Three factors have been pulling the strings of Wall Street now – Inflation, Fed policy tightening and Omicron. Due to supply-chain issues, inflation is rising fast. Wholesale prices in the United States are now at the highest levels since November 2010.
The Consumer Price Index soared at the fastest clip since 1982. This has led to a hawkish Fed. Meanwhile, COVID-19 continues to mutate leaving the world to fight with the latest variant Omicron. Thankfully, available data shows Omicron is less virulent than the previous strains.
This is the scenario that Wall Street is dealing with this winter. Let’s delve a little deeper:
Fed Speeds Up QE Tapering
As expected, the Fed has paced up QE tapering to contain sky-high inflation. Fed Chairman Jerome Powell said in his post FOMC statement that the central bank will raise the tapering of the monthly bond-buy program. The central bank plans to buy $60 billion per month of bonds in combined Treasuries and agency mortgage-backed securities starting in January, down from $90 billion in December and $120 billion from the start of the pandemic through November.
U.S. GDP Growth Projections Upped for 2022
The central bank also upped its economic growth projections. Per the Fed’s latest Summary of Economic Projections, the U.S. economy is anticipated to grow at a 4% rate for 2022, up from the previously mentioned 3.8%. The pace of growth is then expected to cool down over the following two years, with 2.2% growth for 2023 and 2% for 2024.
Inflationary Expectations Upped for 2022
The central bank raised its inflation outlook for 2021 and 2022. It expects inflation to rise 5.3% in 2021, up from the previous forecast of 4.2%, and 2.6% in 2022, up from 2.2% issued in September. The unemployment rate in 2022 is predicted to be 3.5%, down from the previously mentioned 3.8%.
At Least One Fed Rate Hike Sure-Shot in 2022; Max Three Possible
The meeting projections revealed that 12 out of 18 FOMC members expect at least three rate increases next year. This marks an increase from September’s forecast, where half of the Fed members saw at least one hike in 2022. All 18 policymakers have also indicated the possibility of at least one rate hike before 2022 end. Interest rates, which have been low since March 2020, might climb to 2.1% by 2024 end.
What Should Be Your Investment Stance?
Santa Claus rallies typically begin from the middle of December. So, the time has come to make the best use of your savings via Wall Street investments. Below, we highlight a few ETF investment options.
First Trust Morningstar Dividend Leaders ETF ( FDL Quick Quote FDL - Free Report)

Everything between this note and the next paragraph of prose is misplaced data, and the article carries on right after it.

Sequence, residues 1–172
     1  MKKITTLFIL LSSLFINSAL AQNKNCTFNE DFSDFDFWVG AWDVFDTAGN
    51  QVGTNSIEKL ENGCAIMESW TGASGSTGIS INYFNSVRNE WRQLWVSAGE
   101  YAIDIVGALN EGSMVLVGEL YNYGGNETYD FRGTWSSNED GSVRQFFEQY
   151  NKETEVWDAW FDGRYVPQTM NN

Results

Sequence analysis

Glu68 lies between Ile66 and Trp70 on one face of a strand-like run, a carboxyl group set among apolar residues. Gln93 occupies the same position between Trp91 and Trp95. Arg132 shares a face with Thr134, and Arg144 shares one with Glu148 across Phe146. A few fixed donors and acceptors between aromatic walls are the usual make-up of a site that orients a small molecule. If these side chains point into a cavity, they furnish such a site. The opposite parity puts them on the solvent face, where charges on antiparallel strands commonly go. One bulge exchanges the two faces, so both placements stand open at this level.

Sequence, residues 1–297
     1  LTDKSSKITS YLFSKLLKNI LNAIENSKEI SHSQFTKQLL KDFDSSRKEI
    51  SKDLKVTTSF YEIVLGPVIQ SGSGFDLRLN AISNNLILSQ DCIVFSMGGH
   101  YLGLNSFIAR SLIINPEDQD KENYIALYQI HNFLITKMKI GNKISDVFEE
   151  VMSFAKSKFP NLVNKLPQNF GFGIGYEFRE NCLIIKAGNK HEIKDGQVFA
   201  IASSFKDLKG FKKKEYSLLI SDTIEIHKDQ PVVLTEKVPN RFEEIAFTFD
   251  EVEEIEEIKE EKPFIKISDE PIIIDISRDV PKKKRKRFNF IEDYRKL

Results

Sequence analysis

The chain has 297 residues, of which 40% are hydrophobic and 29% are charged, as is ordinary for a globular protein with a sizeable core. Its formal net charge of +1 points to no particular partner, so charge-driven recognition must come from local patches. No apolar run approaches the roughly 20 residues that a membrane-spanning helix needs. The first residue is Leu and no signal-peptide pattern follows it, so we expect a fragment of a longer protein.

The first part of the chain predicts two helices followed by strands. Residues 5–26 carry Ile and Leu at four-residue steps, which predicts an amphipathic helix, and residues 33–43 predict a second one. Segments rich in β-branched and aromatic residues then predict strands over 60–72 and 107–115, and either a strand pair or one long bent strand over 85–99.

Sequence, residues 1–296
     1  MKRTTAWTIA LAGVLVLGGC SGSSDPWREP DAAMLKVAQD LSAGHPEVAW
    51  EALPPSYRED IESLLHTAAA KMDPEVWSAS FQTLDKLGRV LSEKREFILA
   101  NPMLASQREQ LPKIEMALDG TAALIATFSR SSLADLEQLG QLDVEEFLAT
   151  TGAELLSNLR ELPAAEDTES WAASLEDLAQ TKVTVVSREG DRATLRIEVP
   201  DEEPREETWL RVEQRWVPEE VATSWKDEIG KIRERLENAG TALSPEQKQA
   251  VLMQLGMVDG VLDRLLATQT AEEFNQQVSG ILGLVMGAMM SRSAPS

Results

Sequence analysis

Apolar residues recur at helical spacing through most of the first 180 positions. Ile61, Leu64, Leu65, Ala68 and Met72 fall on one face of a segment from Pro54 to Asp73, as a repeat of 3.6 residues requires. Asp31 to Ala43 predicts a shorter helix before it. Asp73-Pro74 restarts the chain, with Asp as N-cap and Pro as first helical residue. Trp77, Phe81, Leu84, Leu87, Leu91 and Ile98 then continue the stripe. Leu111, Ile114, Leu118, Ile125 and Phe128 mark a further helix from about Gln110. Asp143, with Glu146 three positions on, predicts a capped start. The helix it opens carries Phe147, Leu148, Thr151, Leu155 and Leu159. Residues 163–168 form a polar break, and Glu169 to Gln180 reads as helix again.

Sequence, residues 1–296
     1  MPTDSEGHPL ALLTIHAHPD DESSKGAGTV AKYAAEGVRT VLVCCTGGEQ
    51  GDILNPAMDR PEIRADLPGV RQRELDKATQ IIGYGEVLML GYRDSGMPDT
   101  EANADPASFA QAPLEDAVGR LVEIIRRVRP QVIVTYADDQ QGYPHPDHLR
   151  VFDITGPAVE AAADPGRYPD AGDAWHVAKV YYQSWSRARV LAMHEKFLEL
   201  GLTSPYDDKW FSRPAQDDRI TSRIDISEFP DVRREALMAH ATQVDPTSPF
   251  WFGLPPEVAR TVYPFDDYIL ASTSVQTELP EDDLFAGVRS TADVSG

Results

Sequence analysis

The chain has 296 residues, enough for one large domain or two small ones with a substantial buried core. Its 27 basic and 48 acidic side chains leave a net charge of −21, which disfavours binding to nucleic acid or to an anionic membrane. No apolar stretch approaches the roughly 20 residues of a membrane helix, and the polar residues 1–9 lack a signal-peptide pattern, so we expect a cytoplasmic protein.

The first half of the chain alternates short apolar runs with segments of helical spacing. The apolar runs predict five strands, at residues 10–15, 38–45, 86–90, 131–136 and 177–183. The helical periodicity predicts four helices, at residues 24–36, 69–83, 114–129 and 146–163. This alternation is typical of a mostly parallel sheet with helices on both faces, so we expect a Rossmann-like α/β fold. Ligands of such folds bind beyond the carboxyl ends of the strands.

Dividends should be winning bets right now as uncertainties prevail regarding interest rate movements and virus concerns. If rates rise, high dividend investing would be helpful for investors to make up for the higher yields. The underlying Morningstar Dividend Leaders Index of FDL consists of stocks that have shown dividend consistency and dividend sustainability. The dividend yield of FDL is 3.53% annually, way higher than the benchmark U.S. treasury yield of 1.44%, as of Dec 16, 2021.
iShares Evolved U.S. Innovative Healthcare ETF ( IEIH Quick Quote IEIH - Free Report)
As long as the virus threat is around us, extra focus on healthcare stocks is warranted and these should be up for gains. U.S. healthcare spending increased by 9.7% (biggest in about two decades) in 2020 to touch
$4.1 trillion mainly due to the impacts of the COVID-19 pandemic. As a result of the steep increase, healthcare’s share of gross domestic product recorded a considerable increase from 17.6% in 2019 to 19.7% (largest on record) in 2020. Value ETF Vanguard ( VTV Quick Quote VTV - Free Report)
This is yet another time-sensitive pick. Value stocks perform better in a rising rate environment. Plus, value stocks are supposedly undervalued than the growth stocks currently as the latter was in the high-flier zone in the peak of the pandemic.
Real Estate Select Sector SPDR ETF ( XLRE Quick Quote XLRE - Free Report)
Home prices have been uphill due to higher demand and an uptrend in inflation. Thanks to rising home prices, affordability is falling. Demand for renting has been increasing, which in turn is giving a push to shelter costs. This means exposure to real estate could be inflation-beating. Interest rates are still at pretty low levels, which make real estate investing lucrative.
Invesco S&P 500 Equal Weight Consumer Staples ETF ( RHS Quick Quote RHS - Free Report)
Food-at-home inflation is rising faster than food-away-from home inflation, indicating the hot groceries market. Consumer staples normally pass on cost increases to consumers to maintain profit margin. With consumer staples being a non-cyclical sector, the sheer necessities of staples can’t even deter consumers from buying those goods. Hence, the sector should hold up well in the current phase of uncertainties.